Oh my . . .
Well, as we all know, it's been a very different year than anyone expected. We were putting the finishing touches on our trip planning, 87 nights in the Netherlands and 2 in nearby Aachen, Germany, when our home town of Seattle became ground zero for the coming storm of the Covid-19 pandemic.
The good news is that we were able to cancel our flights to and from Europe and the 75+ nights of lodging we had just booked, although with long delays getting our money back. But back it came.
On the tandem we could of course go further, but Seattle is a hilly place. Rome notoriously has 7 hills, and that led many in early days to refer to the Seven Hills of Seattle, but depending on whom you ask it's actually anywhere from 10 to 15 places worthy of the title. 4 of them are over 450' (140 m), and none of those is terribly far from Puget Sound, elevation zero. So biking tends to follow certain routes that avoid these topographic challenges as well as those created by motor vehicle traffic, and that somewhat limited the variety we could build into our biking program.
Indeed, the first and last 4 miles of 90% of our rides followed the exact same escape route from our perch on Puget Sound. It's a nice route, half of it on the fabulous Burke-Gilman Bike Path, but it's still the same route, again and again and again. And while we could obviously go further by bike, we still couldn't get out of the city itself and make it home the same day, so rides in the more open and leafy areas just outside the city like the Sammamish and Green River Valleys were not an option.
And THEN we said to ourselves, "You've now got a rack on your car, why not get a canoe to put on top of that rack?" Why not, indeed. With perseverance and the assistance of Craigslist.com, we finally found someone 100 miles away who was selling an Old Town 16' canoe for about 1/3 of its cost when it was new a decade ago. It had some gouges in the royalex skin that Jeff fixed with $10 worth of marine putty and prettied up with a little spray paint to cover the repairs, and we now had ourselves a terrific boat. More about it shortly. The irony created by the pandemic is that buying a car enabled us to be more active by giving us access to more interesting places outdoors to stay active.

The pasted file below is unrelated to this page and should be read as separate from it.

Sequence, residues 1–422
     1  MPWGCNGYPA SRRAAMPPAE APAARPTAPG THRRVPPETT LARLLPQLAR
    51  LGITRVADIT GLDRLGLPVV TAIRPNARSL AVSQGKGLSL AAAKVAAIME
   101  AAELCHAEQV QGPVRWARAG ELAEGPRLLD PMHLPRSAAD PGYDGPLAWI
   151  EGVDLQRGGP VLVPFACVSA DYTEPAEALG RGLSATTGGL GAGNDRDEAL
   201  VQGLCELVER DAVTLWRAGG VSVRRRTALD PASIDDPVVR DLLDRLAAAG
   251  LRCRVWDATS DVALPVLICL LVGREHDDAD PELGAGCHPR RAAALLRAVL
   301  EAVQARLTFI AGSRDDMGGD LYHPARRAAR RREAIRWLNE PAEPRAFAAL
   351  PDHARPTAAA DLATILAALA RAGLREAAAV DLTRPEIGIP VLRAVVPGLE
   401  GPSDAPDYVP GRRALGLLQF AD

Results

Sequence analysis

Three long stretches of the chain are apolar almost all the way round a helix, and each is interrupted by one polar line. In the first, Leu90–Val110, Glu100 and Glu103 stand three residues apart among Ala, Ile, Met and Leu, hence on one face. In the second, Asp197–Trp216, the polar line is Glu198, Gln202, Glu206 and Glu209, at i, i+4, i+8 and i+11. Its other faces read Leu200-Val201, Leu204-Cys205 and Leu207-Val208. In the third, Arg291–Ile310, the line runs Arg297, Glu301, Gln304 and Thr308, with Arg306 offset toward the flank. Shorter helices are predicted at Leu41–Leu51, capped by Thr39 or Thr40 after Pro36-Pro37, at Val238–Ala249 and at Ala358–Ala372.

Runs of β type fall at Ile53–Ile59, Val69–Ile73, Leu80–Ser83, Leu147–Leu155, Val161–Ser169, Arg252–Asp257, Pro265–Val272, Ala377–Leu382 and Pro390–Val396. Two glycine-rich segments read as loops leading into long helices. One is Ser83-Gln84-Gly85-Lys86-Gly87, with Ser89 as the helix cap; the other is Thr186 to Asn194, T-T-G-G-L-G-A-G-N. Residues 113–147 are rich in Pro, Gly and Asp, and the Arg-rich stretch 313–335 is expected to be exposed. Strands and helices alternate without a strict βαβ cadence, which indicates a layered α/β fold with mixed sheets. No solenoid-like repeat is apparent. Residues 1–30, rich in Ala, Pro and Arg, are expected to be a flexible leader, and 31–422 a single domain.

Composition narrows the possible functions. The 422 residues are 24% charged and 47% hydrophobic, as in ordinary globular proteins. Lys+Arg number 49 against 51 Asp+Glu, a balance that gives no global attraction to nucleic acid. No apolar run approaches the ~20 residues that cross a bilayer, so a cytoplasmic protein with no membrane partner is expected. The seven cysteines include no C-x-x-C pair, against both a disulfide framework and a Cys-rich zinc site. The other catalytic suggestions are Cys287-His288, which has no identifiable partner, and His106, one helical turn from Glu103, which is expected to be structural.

Other walks combined utility and exercise, as we walked to the public library when it finally reopened for pick-up only (we could reserve books and dvds online and select our local branch for pick-up). That was a 4-mile walk without detours, and once again we alternated our route each time until there was no block we had not perused in that entire part of Ballard as well. Since this area is residential and the streets do not lead to other neighborhoods, walking was particularly safe. On the few occasions, maybe once each ten minutes of walking, that someone was walking toward us on the sidewalk, either we or they would simply step out into the street or to the sidewalk on the other side. Car traffic was so light that we almost never had to pause to let one by. Stay six feet away? We rarely came within ten feet. And of course we had our masks to slip on if we saw a close encounter coming.
As the the Great Toilet Paper Shortage of 2020 ended and the weather warmed, both unconnected but happy events, we were able to have picnic lunches more often, and started biking to new places. A 20-mile r/t bike ride brought us to Ella Bailey Park, which we had never seen before. As you can see in the photo below, we had quite a vista to enjoy during lunch, though we did have to climb 250' to reach it. But the route was gradual, and we never had to go to "15th gear," i.e. walking, on our 14-speed bike. That's Mt. Rainier above the front handlebars of our tandem. It's 62 miles (100 km) away 'as the crow flies,' so it's a little hard from here to appreciate its height of 14,400 feet (4,392 m). The Space Needle is on the far left and downtown seemingly next to it, although they're actually over a mile apart. In case you're wondering, the Needle is 608' tall, roughly twice the height of the Statue of Liberty, or 2/3 that of the Eiffel Tower. It's not the tallest structure in Seattle, which is the Columbia Tower in downtown. It is almost exactly the height of the Eiffel Tower.
Round the hill to the southeast facet and there's a great view of the Space Needle and downtown from Bhy Kracke Park, named after Werner Kracke who picked up the unusual nickname because he loved the expression "by cracky." He also donated the land for the park. There's a conifer just left of center. Behind it and to its right and left is "Amazonia," the part of Seattle where roughly 50,000 employees were working for you-know-which-company until the pandemic scattered most of them to their home offices around the region. You do not want to be a restaurant owner in that deserted part of town just now.
As we write this, about 1% of the U.S. population has gotten its first vaccination shots. As we peer into the future, will we see an end to the Coronavirus pandemic in 2021? And if so, how soon will it get under control? No one knows, but we all have hope.